Elvis with a Hawaiin lea around neck

A surprising story of one of music’s biggest icons: “Elvis and the USS Arizona” – Nov. 2 at 10:00 pm

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Elvis and the USS Arizona

Thursday, November 2 at 10:00 pm

In the late-1950’s the USS Arizona Memorial Commission was struggling to raise money for a memorial that should have been fully funded by now. After all, 1,1777 crewmen died on December 7, 1941, on the battleship, over 900 of them still entombed aboard her today. It was the 1950’s and perhaps most Americans just wanted to put World War II behind them, but still, the USS Arizona needed more than just a plaque attached to her rusting hull to memorialize all those who saw their lives abruptly ended on that Sunday morning at Pearl Harbor. A day of infamy that launched the United States into World War II.

movie poster for Elvis and the Uss ArizonaOn December 3, 1958, the highest-ranking officer to survive the USS Arizona, Medal of Honor recipient Rear Admiral Samuel Fuqua, was featured on Ralph Edwards’s “This Is Your Life” television show. At the end of the popular show, filmed at Pearl Harbor and in Bloch Arena, Ralph Edwards announced that a major effort was underway to build a proper USS Arizona Memorial at Pearl Harbor. There were tears in Samuel Fuqua’s eyes as Ralph Edwards encouraged all Americans to send in what they could, a dollar, five dollars, whatever they could afford. It was possibly the first fundraising appeal ever made on national television.

The money started to come in thanks to Americans everywhere and also to President Dwight D. Eisenhower who pledged some federal funds to get the project underway. Alfred Preis was chosen as the architect. Preis escaped the Nazis in World War II. It seemed fitting he would design the new USS Arizona Memorial.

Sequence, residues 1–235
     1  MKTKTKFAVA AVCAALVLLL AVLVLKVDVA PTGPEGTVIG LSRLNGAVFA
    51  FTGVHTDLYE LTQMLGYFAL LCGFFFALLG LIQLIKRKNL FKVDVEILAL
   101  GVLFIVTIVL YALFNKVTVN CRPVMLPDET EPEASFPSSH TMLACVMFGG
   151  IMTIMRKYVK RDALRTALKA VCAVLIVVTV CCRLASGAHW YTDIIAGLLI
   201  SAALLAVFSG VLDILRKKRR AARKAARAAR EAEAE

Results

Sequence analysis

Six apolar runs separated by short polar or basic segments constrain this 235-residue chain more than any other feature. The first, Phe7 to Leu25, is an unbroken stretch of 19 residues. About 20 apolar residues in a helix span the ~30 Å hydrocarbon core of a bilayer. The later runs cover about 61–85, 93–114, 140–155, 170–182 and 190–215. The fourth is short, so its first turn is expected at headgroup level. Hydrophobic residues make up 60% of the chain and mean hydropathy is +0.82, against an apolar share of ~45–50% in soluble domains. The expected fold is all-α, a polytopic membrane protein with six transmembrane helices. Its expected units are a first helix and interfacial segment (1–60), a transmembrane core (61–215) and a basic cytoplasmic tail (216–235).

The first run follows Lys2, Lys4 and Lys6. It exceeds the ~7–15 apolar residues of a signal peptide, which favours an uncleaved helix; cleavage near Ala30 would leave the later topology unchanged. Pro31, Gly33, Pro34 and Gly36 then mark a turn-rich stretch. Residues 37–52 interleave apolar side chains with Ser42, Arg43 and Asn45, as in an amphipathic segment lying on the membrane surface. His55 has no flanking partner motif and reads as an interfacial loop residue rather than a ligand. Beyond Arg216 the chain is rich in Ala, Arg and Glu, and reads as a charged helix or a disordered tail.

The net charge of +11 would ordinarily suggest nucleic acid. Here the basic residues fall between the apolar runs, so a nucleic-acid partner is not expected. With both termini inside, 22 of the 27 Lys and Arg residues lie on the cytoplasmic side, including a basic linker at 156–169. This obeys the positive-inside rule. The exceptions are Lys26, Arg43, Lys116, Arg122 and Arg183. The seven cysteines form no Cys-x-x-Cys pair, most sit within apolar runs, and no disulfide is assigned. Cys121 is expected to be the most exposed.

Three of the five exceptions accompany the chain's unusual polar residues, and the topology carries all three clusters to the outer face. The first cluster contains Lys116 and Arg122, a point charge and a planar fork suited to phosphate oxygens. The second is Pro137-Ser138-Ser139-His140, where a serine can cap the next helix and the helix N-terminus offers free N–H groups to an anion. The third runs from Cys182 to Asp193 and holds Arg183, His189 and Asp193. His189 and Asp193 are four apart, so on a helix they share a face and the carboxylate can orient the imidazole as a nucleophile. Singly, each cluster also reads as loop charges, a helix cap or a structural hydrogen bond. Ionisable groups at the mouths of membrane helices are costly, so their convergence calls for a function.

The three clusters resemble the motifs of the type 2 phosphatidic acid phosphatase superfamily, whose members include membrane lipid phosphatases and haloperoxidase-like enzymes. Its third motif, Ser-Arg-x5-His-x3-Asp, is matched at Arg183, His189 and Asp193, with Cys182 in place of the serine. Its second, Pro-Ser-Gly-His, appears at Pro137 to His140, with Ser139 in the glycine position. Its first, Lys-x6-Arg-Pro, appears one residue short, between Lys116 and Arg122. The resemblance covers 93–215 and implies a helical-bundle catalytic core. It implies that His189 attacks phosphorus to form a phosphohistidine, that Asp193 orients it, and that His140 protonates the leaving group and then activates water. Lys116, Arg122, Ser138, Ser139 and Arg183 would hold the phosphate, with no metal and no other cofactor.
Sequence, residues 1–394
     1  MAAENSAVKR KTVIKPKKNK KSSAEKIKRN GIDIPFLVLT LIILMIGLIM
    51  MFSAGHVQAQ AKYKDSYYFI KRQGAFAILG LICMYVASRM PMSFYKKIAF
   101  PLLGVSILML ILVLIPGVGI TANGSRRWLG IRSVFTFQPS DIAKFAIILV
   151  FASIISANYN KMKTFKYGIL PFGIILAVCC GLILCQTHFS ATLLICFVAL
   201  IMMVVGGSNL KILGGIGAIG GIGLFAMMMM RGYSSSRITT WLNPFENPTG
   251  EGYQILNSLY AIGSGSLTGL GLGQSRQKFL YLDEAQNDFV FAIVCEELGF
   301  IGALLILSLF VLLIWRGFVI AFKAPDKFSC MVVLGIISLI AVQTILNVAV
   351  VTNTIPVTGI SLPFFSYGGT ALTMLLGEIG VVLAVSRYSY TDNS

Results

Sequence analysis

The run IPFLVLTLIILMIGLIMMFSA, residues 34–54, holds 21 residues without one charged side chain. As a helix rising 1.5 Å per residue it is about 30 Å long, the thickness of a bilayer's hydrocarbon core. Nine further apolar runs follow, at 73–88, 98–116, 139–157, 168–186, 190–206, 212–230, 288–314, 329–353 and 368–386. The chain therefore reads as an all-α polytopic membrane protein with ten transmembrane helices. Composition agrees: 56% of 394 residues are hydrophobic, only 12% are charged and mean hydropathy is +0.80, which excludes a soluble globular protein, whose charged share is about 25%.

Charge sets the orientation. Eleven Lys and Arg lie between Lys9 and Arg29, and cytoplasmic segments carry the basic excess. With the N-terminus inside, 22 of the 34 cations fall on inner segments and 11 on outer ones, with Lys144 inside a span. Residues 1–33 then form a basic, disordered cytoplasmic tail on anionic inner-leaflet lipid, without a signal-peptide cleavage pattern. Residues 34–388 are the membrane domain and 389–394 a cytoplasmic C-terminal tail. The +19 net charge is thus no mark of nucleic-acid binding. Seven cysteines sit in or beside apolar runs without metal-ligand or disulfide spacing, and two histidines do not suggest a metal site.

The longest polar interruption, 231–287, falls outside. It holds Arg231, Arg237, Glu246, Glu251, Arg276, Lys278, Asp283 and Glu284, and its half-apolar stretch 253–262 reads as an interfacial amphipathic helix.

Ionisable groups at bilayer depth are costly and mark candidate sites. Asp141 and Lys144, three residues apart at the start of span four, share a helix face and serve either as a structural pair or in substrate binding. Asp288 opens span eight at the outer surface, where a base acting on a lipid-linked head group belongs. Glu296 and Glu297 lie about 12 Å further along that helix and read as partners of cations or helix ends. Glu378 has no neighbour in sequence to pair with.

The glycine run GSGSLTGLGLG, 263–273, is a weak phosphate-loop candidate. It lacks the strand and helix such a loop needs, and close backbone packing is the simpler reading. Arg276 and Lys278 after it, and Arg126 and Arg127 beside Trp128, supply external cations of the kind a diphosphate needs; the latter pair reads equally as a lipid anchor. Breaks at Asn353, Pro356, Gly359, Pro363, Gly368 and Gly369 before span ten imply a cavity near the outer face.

Elvis was already heading to Hawaii to film a movie called Blue Hawaii. Col. Parker asked Elvis if he would consider holding a benefit concert at Pearl Harbor to help move the USS Arizona Memorial project forward. Elvis did not hesitate and said “yes” right away. Elvis already had a strong connection to Hawaii and was just coming out of the United States Army himself. The planning commission’s work continued.

Elvis coming down airplane stairwayOn March 25th, 1961 Pearl Harbor’s Bloch Arena, which had hosted the “Battle of the Bands” between the battleships anchored at Pearl Harbor on the evening of December 6th, 1941, was chosen as the location to host the Elvis Presley USS Arizona Memorial benefit concert. The ghosts still echoed in old Bloch Arena from the “Battle of the Bands” on Battleship Row, especially since the entire USS Arizona band died on December 7, 1941, during the attack on battleship row.

The concert was sold out. Even the opening acts before Elvis took the stage (such as Minnie Pearl) had to buy their tickets. It was Elvis’s return to performing and there was no better cause one could imagine.